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Dr. David Jeremiah, a significant voice in, to, and for the Body of Christ, has recently written a book entitled “Where Do We Go From Here?”

The promotional line for the advertising piece I received reads—“In my new book and fall teaching series, you’ll discover ten prophecies coming alive in our world today.”

As I looked through the promotional material, I became intrigued with the concept of selling fear. Fear is a powerful motivator, and marketers have learned to harness that motivation to get us to buy just about anything and everything they want to sell.

It is especially interesting to consider the level of fear individuals possess within the Christian community. More than once in the Bible, which we hold to be our guide for faith and practice, we are told to avoid fear, to not let it have place in our life.

Wise people recognize the debilitating aspects of fear. “The only thing we have to fear is fear itself.” (F.D. Roosevelt) Simply put, fear cripples us. It takes away our reason.

UCLA neurobiologist Michael Fanselow says that fear is “far, far more powerful than reason.” There is simply too much happening within our bodies and minds when we are frightened for us to access any kind of logical thinking.

Fear that hinders rationality is one of things Jesus came to destroy. Speaking of Jesus, the writer of Hebrews says, “…and deliver all those who through fear of death were subject to lifelong slavery.” (Heb 2:15)

Fear is a slave master, and those under its care find themselves in bondage in many areas.

One of those areas is the inability to resist most sales tactics promoted by fear. For the Christian, this translates into huge book sales for the authors of fear.

Most will probably not recognize it, but our desire to know about the future stems from fear. We don’t want to be caught off-guard.

So the writers write books to help us to “understand the times and the seasons.”

I ask one simple question for your consideration—which generation prior to ours has not had these troubles? Has there ever been a time when there was not war going on? Has there ever been a time when there was not a famine somewhere on the planet? Or a plague?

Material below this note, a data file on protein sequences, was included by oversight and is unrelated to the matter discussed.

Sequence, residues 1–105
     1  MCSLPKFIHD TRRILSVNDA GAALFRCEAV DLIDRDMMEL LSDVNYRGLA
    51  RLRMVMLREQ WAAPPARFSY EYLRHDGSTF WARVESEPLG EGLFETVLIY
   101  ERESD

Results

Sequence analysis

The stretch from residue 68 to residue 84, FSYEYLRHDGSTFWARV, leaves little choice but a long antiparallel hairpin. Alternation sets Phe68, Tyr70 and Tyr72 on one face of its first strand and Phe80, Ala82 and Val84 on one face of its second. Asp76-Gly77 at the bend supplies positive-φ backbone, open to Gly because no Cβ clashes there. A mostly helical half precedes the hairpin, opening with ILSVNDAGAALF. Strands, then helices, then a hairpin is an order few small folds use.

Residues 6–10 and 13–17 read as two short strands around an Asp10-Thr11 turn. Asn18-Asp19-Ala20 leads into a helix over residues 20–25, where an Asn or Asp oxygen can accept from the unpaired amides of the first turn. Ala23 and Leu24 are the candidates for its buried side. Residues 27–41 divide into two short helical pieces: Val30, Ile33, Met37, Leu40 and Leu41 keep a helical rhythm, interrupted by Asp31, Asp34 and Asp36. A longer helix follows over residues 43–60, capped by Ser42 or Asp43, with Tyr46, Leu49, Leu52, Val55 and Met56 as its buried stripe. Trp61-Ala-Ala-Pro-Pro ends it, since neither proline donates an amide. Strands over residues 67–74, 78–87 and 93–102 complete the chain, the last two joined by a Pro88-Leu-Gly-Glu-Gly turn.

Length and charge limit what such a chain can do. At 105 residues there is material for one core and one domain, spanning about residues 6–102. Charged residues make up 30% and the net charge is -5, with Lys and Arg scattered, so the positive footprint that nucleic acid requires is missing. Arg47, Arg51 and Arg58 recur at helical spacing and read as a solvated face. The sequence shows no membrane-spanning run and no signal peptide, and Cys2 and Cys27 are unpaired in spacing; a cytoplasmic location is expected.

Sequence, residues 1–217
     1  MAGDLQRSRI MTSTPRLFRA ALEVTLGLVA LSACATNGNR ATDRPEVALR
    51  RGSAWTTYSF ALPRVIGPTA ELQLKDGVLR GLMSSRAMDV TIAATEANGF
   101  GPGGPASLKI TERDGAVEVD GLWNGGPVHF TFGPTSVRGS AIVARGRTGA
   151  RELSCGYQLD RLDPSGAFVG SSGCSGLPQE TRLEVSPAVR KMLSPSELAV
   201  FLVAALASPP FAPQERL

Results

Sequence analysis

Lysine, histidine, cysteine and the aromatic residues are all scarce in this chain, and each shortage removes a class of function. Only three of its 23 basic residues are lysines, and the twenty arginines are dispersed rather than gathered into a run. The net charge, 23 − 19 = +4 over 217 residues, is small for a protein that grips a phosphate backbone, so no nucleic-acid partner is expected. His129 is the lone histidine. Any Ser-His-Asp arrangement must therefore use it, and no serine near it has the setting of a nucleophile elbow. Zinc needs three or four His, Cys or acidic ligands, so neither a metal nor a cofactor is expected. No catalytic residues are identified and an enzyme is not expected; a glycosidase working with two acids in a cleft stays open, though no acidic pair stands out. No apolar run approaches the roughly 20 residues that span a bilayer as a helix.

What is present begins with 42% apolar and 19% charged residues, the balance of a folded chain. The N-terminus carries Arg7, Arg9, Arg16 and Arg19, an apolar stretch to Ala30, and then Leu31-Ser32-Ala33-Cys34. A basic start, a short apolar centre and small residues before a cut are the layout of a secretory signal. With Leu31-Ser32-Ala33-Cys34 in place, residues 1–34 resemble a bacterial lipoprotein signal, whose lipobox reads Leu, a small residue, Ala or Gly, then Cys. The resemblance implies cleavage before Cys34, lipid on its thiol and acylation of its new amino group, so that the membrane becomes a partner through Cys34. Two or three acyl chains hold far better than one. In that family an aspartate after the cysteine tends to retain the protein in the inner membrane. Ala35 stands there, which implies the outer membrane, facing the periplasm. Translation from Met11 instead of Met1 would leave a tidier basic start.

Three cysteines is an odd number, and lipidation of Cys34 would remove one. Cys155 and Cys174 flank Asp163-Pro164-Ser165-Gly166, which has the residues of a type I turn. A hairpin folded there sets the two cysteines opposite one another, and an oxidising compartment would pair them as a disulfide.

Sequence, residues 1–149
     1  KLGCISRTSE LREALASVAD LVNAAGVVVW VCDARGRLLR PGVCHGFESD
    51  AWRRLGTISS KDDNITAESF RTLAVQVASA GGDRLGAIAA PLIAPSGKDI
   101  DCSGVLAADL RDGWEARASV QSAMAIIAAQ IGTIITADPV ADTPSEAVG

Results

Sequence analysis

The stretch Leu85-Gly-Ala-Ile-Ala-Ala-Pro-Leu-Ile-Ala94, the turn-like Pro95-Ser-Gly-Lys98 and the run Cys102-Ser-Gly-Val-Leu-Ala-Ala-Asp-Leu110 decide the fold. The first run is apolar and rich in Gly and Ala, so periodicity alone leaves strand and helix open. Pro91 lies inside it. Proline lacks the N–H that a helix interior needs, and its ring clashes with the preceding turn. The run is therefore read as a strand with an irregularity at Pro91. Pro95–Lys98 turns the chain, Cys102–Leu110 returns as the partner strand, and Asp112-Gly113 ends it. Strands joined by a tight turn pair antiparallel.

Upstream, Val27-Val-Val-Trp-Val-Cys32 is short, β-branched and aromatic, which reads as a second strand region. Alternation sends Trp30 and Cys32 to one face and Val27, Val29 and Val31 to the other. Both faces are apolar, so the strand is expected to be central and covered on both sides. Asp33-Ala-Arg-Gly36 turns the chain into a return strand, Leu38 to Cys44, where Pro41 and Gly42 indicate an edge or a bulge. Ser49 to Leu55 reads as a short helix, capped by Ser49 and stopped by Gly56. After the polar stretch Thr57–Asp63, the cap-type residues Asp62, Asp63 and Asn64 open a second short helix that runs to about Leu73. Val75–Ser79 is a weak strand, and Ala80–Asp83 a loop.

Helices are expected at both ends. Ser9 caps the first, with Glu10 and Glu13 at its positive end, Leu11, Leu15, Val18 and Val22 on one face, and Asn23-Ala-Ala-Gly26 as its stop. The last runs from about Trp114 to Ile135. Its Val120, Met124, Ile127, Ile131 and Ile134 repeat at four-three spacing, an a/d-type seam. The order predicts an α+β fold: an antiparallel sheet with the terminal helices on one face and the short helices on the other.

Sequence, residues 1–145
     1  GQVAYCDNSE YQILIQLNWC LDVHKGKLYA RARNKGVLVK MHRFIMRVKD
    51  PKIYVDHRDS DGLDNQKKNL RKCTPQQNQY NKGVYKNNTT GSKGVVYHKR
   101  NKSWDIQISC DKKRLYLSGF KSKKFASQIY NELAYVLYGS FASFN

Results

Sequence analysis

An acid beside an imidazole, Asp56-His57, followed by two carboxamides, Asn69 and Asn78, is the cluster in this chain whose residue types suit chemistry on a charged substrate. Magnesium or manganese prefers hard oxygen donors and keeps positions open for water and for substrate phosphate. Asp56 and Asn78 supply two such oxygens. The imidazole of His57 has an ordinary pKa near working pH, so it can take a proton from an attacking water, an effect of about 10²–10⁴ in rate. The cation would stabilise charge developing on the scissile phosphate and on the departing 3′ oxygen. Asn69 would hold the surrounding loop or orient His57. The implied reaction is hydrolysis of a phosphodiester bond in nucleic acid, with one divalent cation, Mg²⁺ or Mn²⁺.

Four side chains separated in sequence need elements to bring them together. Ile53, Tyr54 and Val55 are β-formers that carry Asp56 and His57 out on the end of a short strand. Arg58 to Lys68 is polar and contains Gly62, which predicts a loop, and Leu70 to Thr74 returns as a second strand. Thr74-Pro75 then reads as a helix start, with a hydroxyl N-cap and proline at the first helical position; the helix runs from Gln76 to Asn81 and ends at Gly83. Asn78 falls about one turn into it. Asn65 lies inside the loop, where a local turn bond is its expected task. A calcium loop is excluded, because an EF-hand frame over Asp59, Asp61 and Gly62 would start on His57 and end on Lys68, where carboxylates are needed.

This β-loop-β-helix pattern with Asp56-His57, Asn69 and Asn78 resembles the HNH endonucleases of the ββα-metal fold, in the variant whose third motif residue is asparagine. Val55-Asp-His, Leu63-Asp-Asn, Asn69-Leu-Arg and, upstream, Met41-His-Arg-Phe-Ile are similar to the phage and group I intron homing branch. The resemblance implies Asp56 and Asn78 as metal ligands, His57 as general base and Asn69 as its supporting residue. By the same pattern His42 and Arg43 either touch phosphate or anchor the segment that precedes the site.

The only difference for our generation is that we are aware of it happening in the moment—not in the past from our history books.

Spend the money. Buy the books. Read them and put them alongside the other books you have from years back saying the same thing.

If your fear is not eliminated, you may want to ask a different question about the end times.

Identity Theft

There is much concern, worry, and downright fear about someone being able to steal our identity.

For those of us who do most our financial transactions on-line–from purchasing of consumer goods to managing our assets–identity theft seemingly lurks behind every mouse click. Great measures are taken to make it more difficult for the identity predator to capture his prey.

Long and convoluted passwords are used within firewall protections wrapped within secret encryption devices and codes. In order to make it even more challenging, a different password is used for each account that requires one. Then the passwords are changed every few weeks or even days for each account. This includes not only the financial information accounts, but the social networking accounts and e-mail accounts.

Maybe it works. Maybe it serves. But I haven’t the time for it.

Once again, I find this to be unreasonable and pathetic for the Body of Christ to be involved in this.

My faith is not in the hackers’ ability to crack my encryption attempts. My faith is in the One who keeps me. Therefore my efforts at protection are minimal at best. I do only that which is required by the account that I am using. I’ve had the same password for all my accounts for years. I’ve had the same PIN for accounts that require them for years. In states where it has been possible, my driver’s license number has been my social security number. Simplicity is what works for me. Maybe it doesn’t for you.

My reasoning, though probably not well thought out, goes something like this:

  1. My identity is not how much money I have in my wallet. Neither my money nor my assets define who I am. Therefore, no one can steal my money and take my identity away from me.
  2. My life is hid with Christ in God (Col. 3:3). Therefore, no one can steal my identity–they can only join in with it!
  3. I dwell in the secret place of the Most High (Ps. 91). Therefore, God is my protector, which makes stealing my money even more difficult.
  4. Since God is my protector, I will not fear what man can do to me (Ps. 56:11).
  5. Since I do not fear what man can do to me, I am not concerned about this so-called identity theft.

Identity Theft is a misnomer, and something the devil is using to deceive the people of God.

Every time a child of God uses the term “identity theft,” he/she is giving credence to the lie that our identity is tied up in what we own. We need to pay attention to the words we speak.

The fact that fear is at the root of this whole thing should be enough to persuade the people of God to avoid it. Avoid the discussions, except to interject your statement of faith. Avoid reading about how to protect yourself from identity theft, except for reading the Bible.  Avoid reading about the latest victim’s story, because it only ministers fear.

Some will say that we need to be concerned. I am as concerned as I need to be. But, I am not constantly on the lookout for it.

I recall when we had the news about the “DC Sniper” that people in Missouri were hiding behind their cars while pumping gas. That is not concern. That is FEAR.

The point of all this?

I’m not exactly sure. I just know that I am still bothered by Christians who claim that faith is their message, while fear is their motivation.